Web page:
The education secretary has told Sky News he would have been in “big trouble” if he had not been vaccinated against COVID-19.

Recounting his experience of the virus, which he contracted at the end of last month, Nadhim Zahawi said he could have ended up on a ventilator.

“I think, without the vaccine and the booster, I’d have had it even worse, my doctor said, because it’s your physiology,” he said during a Q&A with Kay Burley.

“It’s your body’s reaction to COVID that will determine how severe or asymptomatic you might be,” Mr Zahawi said, adding that some family members had “no symptoms whatsoever”.

“By day four or five it got into my chest and started really affecting my breathing,” he continued, revealing that his temperature hit 39.5C and his doctor said he might have to be put on steroids.

Mr Zahawi said his doctor told him: “If you hadn’t had the vaccine and the booster, I guarantee you you would be in hospital and probably intubated.”

Urging viewers to get their jabs, he said: “The offer is evergreen from the NHS.

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“This thing is not like a cold.

“Certainly I would have been in big trouble, according to my doctor.”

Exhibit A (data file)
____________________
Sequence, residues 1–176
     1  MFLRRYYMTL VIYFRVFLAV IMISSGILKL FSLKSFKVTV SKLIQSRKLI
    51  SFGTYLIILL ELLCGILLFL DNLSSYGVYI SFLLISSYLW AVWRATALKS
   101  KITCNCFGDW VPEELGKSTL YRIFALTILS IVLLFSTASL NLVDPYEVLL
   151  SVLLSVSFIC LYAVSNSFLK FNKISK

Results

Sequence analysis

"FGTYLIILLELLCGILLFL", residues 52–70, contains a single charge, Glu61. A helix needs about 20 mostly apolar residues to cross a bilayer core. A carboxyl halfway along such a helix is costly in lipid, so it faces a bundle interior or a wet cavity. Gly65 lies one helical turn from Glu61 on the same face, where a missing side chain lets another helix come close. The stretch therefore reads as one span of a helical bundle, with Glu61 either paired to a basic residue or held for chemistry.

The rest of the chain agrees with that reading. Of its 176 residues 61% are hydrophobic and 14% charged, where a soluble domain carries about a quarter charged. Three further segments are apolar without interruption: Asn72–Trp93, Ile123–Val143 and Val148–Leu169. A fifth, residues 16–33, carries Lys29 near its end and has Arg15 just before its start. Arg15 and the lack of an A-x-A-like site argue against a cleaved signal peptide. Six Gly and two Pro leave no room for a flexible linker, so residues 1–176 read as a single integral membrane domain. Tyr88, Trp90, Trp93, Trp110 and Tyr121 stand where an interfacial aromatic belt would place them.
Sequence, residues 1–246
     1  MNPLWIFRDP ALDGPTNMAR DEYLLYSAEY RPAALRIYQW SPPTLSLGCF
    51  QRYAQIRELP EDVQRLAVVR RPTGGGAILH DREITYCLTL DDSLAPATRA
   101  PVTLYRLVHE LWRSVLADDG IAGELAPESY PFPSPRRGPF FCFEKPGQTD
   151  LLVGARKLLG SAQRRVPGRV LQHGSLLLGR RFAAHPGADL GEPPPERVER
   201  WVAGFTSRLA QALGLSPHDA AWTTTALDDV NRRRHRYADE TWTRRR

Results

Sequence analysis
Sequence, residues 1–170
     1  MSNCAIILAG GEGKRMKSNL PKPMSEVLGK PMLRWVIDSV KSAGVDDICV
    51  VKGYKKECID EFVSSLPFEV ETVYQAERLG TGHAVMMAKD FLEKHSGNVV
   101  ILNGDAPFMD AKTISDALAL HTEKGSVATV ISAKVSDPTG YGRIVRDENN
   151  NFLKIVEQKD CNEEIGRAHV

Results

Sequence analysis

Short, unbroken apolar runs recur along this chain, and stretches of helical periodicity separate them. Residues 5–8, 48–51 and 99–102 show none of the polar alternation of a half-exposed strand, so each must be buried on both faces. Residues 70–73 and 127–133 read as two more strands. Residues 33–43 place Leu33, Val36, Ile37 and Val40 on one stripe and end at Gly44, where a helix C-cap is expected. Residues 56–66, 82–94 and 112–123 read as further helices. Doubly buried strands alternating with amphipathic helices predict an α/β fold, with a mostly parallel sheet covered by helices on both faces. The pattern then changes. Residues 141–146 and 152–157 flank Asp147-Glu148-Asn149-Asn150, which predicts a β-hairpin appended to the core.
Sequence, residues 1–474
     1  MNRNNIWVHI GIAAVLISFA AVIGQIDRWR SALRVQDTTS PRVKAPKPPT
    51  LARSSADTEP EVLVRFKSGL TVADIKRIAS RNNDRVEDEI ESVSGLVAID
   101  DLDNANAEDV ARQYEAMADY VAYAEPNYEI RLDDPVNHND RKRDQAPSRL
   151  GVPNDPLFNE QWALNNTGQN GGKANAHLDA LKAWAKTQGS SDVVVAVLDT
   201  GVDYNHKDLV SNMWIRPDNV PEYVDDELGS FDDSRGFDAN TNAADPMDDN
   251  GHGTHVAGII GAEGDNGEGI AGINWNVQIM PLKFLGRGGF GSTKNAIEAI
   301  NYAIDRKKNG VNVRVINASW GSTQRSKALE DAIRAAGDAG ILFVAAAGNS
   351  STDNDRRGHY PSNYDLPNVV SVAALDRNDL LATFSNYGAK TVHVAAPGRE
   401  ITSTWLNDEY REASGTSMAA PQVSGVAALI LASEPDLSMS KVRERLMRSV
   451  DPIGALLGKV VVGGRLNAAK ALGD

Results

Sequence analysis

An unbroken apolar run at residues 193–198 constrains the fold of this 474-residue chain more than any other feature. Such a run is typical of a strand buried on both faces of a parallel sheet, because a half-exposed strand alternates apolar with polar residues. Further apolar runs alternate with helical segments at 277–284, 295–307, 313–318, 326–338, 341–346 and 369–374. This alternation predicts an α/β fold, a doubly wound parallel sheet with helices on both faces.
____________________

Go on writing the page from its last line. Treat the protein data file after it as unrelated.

Masks ‘inhibit learning’

In a Q&A that mostly touched upon his brief as education secretary, Mr Zahawi was asked a range of questions about government plans and policies by Sky News viewers.

The education secretary defended the decision to remove the requirement to wear masks in classrooms, saying they “inhibit learning”.

Mr Zahawi was also questioned about the government’s catch-up plans for pupils who have been affected by the pandemic.

He said he would ask the Treasury for more money if children did not appear to have caught up on lost learning by the end of this parliament, currently set for 2024.

“Every school has the opportunity to take up the tutoring programme… the first term of this year we have done as many tutoring hours as the whole of last year,” Mr Zahawi said.

The education secretary was asked if the government would consider ending the charitable status of independent schools, a move Labour has said could raise £1.7bn in tax.

Mr Zahawi said the “evidence is not there on this” and disputed the opposition’s assertion that it would generate extra tax revenue.